Otherwise, to judge Mr Lavine by what information is publicly available, all that is remarkable about him is the guilelessness of his techno-optimism, a sort of gadget-love I haven't seen since I stopped going to management conferences in 2000. In that speech from last year, which you can watch yourself thanks to the awesomeness of the Internet, Mr Lavine can be seen enthusing over the awesome new miniature computers that are coming, the awesome new GPS devices, the awesome new videoconferencing technology, the awesome new digital billboards, and his awesome Kindle, which reads what is left of the newspaper to him as he drives along in his car.

Maybe it's too much for Mr Lavine to imagine that these admirable, friendly machines might have a role in making life impossible for his student hamsters. And so, in the reassuring manner I associate with the Sunday schools of my youth, he tells his fellow journalism educators not to worry too much, that "be it strategic communications, or marketing, or journalism, or whatever ... know we're going to get through it. We are going to get through it. Because people are going to want what we all represent."


I sincerely hope that Mr Lavine is right. But I'm not counting on it. What you find as you explore the tweets and blog posts of the profession's leaders is that the failure of newspapers has brought with it a cognitive failure as well, in which a handful of superstitions have come to obscure what is actually happening in the world. So powerful is our desire to believe in the benevolent divinity of technology that it cancels out our caution, forces us to dismiss doubt as so much simple-minded Luddism. We have trouble grasping that the Internet might not bring only good; that an unparalleled tool for enlightenment and research and transparency might also bring unprecedented down-dumbing; that something that empowers the individual might also wreck the structures that have protected the individual for decades.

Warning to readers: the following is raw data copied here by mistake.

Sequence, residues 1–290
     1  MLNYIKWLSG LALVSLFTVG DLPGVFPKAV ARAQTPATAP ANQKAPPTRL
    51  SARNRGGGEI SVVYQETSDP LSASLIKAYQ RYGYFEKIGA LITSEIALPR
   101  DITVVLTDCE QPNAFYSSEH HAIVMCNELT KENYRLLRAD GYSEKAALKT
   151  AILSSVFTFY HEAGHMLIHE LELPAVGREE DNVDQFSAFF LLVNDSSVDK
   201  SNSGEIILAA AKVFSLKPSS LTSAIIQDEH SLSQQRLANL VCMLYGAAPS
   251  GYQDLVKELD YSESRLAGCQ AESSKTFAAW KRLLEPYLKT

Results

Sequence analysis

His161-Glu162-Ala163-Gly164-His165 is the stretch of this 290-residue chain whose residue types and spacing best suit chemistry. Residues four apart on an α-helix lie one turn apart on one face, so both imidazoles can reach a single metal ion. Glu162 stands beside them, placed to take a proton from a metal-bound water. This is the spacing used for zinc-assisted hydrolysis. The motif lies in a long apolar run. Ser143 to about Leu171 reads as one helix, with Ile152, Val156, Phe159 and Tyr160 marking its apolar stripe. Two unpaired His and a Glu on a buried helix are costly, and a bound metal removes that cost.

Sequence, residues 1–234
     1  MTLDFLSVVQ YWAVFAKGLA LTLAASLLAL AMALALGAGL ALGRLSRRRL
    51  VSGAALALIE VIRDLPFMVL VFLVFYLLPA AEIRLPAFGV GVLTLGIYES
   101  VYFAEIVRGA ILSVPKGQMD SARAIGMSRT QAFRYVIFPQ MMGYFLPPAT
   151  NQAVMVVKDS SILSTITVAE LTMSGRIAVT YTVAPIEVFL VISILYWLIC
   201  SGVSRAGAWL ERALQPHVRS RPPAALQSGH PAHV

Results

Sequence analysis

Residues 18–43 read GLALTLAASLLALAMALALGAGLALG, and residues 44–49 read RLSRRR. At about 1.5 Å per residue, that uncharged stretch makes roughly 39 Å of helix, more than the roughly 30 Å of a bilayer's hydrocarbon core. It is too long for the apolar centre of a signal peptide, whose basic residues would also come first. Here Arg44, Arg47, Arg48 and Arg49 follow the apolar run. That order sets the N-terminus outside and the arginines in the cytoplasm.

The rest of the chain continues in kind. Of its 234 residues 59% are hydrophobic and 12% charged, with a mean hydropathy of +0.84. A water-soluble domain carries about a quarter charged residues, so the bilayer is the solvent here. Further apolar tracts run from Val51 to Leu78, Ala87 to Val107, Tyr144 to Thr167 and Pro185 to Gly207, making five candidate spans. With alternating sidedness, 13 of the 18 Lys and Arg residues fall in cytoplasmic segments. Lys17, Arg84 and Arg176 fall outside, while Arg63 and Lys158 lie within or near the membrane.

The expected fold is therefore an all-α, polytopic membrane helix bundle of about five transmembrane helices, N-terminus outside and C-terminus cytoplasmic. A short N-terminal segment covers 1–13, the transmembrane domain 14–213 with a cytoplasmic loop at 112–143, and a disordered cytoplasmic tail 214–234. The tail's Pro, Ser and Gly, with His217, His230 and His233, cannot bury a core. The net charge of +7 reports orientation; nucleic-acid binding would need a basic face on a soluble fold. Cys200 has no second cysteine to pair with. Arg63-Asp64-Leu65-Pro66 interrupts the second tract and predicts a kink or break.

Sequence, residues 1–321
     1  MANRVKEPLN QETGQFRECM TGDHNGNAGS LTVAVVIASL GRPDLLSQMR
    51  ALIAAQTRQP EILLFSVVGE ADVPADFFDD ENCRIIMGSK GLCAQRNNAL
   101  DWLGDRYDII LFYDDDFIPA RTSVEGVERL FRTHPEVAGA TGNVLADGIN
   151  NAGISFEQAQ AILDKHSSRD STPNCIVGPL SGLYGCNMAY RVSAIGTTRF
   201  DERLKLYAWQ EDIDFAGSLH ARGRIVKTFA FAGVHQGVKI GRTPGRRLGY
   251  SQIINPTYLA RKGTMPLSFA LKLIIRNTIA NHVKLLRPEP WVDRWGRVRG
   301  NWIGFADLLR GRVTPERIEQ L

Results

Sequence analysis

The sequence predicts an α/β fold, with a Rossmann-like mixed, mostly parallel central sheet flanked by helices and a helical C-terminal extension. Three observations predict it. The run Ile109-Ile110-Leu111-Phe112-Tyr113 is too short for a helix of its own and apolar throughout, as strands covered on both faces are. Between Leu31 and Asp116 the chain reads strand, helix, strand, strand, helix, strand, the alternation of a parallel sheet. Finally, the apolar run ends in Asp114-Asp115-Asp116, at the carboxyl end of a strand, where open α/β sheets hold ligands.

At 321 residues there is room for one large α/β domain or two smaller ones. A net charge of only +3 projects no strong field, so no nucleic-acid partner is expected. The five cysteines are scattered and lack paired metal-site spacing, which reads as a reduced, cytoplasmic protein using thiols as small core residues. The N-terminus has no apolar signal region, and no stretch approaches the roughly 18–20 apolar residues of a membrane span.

Jay Rosen of New York University, for instance, is a smart and lively journalism professor. He has for years taken as his special commission the taunting of writers he calls "curmudgeons", by which he seems to mean those who express misgivings about blogging, Twitter, "citizen journalism", and so on. When insulting these doubters for their old-fashioned cluelessness he can be clever and satisfyingly vicious. But put Mr Rosen face to virtual face with a master of the new-media world - say, Richard Rosenblatt, CEO of Demand Media - and a more conciliatory man seems to take his place, Mr Rosen had been calling Demand nasty names before interviewing Mr Rosenblatt online in December of 2009, and this was his opportunity to smite the villainous organization. Here was his most direct question:

Someone who follows my work and knew I was interviewing you told me to ask you this: Do you love the Web? The implied question there is: If you love the Web, then why are you doing this, running these content farms ...?

Do you love the Web. Because if your love was true - if your heart was pure - you couldn't possibly do such a thing. This is the sentimental check-and-balance, the safety catch that is supposed to protect us. All it will really protect, of course, is the Web itself.

Just to rub it in, here was Mr Rosenblatt's reply:

OMG. My entire career and life has been about the Web. Trying to innovate and create value where open spaces exist. We do not have a content mill as we discussed but an efficient method to get people the information they need when they want it. That is improving the Internet and I am proud of it.

Quite a bit has happened since the Web-crazy days of the late Nineties. We have lived through bubble after bubble after bubble; endured waves of accounting fraud so open they might be called fads; seen political entrepreneurship work its wonders on Washington's K Street; tasted the spoiled fruits of deregulation; watched the destruction of American manufacturing, the sinking of the middle class, the slow demise of labor unions, and so on. But the myths of the magic market persist as though nothing had happened to shake our faith in all those intervening years.

"Now that the commercial system of journalism is disintegrating ... our journalism schools for the most part appear clueless", the critic Robert McChesney wrote me recently. "The fact that the market is voting emphatically that journalism is no longer a profitable exercise, or at least profitable enough to provide the level of journalism our nation requires, simply does not compute".

Old Samuel Insull might be plenty pleased by that. Let the line grow long at the factory gate. Let the hamsters compete to make the wheel spin, cranking out their $15 stories and tweeting their little tweets while the Republic goes to hell. And by all means let the professors teach the wonders of "entrepreneurship". We all know what answer lies at the end of that line of inquiry: The only real solution to the hamster-wheel problem is to be the guy who owns the pet store.

_____

Thomas Frank will now be writing each month's Easy Chair essay.


Bill Totten http://www.ashisuto.co.jp/english/